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The 3 Be’s of Better Communication with Hearing Aids

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Getting the most out of your hearing aids means managing your own and others’ expectations about what your hearing aids can and cannot do. Communication is key to helping others understand your hearing loss, which will allow everyone to work together to get the biggest benefit from your hearing aids.

Despite the ability of your hearing aids to enhance your life and help maximize your ability to hear, they are not supersonic listening devices.

Even people with normal hearing will have trouble hearing the TV or talking to friends in a crowded restaurant from time to time. But many of the people around you may be under the impression that your hearing aids make you hear like a Golden Retriever. Be ready to set the expectation that—although your hearing aids are helpful—there are still situations when you can’t hear as well as those around you.

Here are a few things to keep in mind:

Be open about your hearing aids. Make sure your friends and family know you are wearing hearing aids. Being up front makes it easier for everyone to communicate. If they’re aware of what’s going on, they’re more likely to be respectful and attentive to your hearing needs.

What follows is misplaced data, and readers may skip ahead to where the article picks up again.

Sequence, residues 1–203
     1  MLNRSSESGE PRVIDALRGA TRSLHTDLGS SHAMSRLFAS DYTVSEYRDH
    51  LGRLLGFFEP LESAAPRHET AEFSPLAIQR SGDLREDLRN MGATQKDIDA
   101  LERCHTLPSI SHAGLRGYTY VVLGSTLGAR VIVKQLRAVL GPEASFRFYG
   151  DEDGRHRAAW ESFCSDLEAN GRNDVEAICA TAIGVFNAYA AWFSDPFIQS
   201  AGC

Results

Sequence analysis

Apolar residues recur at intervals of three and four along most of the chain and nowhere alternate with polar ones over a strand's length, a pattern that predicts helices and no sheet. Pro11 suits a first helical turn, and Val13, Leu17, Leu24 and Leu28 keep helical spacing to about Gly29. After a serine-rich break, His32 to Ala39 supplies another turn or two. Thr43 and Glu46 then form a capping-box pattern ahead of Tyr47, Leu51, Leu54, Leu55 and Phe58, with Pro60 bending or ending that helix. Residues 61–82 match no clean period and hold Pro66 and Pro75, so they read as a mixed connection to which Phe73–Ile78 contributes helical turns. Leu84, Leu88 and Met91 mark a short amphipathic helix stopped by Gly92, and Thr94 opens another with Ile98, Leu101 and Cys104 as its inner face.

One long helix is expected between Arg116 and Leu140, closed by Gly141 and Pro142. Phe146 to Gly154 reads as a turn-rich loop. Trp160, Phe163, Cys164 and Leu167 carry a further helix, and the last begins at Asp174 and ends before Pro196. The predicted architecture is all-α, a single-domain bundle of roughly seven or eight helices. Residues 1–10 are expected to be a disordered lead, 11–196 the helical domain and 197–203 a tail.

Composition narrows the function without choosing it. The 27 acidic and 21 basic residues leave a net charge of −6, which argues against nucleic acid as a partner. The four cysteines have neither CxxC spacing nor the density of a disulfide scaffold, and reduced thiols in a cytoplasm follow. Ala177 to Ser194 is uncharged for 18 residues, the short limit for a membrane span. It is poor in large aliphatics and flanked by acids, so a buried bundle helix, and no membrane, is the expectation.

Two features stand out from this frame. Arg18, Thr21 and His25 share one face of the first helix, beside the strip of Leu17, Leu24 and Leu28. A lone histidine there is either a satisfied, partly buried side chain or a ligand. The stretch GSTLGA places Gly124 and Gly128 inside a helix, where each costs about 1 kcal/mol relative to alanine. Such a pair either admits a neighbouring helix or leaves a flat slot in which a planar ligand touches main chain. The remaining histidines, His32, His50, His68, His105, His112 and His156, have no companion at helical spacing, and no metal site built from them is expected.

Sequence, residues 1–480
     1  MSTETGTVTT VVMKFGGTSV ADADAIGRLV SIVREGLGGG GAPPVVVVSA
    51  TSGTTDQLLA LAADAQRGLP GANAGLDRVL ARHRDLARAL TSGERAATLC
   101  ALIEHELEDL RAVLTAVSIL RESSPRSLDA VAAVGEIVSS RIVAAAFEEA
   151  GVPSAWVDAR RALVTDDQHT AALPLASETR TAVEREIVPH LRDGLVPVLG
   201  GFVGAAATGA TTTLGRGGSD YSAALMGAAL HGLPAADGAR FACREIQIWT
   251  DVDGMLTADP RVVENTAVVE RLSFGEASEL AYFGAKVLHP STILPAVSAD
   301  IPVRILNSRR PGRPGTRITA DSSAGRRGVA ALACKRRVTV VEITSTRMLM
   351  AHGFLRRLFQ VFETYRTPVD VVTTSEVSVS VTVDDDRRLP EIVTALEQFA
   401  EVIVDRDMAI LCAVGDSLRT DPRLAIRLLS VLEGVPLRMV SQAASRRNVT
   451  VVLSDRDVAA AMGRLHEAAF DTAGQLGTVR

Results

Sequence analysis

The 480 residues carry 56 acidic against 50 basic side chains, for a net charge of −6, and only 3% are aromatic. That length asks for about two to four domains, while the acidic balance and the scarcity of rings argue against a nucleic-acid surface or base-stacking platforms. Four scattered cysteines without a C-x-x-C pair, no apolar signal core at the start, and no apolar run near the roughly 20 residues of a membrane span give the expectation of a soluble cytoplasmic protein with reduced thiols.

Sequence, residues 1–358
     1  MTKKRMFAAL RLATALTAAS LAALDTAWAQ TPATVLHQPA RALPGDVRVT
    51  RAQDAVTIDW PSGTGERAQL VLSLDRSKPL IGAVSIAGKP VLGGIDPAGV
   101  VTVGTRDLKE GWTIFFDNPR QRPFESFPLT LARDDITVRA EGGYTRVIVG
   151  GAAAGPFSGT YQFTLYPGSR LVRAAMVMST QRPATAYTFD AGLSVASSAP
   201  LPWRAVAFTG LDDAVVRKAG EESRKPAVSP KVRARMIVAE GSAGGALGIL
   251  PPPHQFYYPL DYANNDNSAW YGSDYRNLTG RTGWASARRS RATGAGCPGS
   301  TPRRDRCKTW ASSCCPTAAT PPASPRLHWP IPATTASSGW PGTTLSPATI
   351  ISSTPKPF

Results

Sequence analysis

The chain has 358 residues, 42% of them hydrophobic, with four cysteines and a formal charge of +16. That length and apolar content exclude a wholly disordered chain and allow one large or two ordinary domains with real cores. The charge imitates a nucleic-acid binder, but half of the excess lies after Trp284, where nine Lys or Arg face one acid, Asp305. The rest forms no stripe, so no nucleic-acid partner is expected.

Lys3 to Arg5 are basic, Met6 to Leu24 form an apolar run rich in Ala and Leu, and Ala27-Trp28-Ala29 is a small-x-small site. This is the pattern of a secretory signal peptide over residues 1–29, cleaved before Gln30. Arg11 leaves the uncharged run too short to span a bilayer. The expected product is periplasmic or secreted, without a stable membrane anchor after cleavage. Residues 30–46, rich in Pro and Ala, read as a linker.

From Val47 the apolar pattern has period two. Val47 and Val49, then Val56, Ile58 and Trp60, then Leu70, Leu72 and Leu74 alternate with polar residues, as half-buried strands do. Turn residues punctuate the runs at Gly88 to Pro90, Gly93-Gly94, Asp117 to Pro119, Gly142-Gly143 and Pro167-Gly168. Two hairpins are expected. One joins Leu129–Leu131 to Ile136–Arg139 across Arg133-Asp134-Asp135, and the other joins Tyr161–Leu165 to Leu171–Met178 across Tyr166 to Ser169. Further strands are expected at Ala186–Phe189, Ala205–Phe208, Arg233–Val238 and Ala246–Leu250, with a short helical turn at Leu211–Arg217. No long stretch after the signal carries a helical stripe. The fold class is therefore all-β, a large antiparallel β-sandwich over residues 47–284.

Be direct. There’s no reason to be ashamed of your hearing aids! Using best practices for hearing aid wearers only makes communication more effective and easier for everyone. For example, ask people to:

  • Look at you when they’re talking
  • Slow down if they’re talking too fast
  • “Rephrase” instead of “repeat” what they just said

Additionally, if you find yourself in an environment with too much background noise, you can always ask to move your conversation to a quieter location.

Be aware of your surroundings. If possible, take control of your physical surroundings. For example, arrange your living room so that people will naturally sit across from you rather than next to you. In business settings, arrange your workspace so that people sit directly in front of you when they come into your office. Also, try and get to meetings a minute or two early so you can make sure to sit near the front of the room and have the best chance at hearing everything.

Don’t forget: better hearing will result from a combination of the right devices and the right strategies for communication. Combined, you should increase your likelihood of understanding everything going on around you.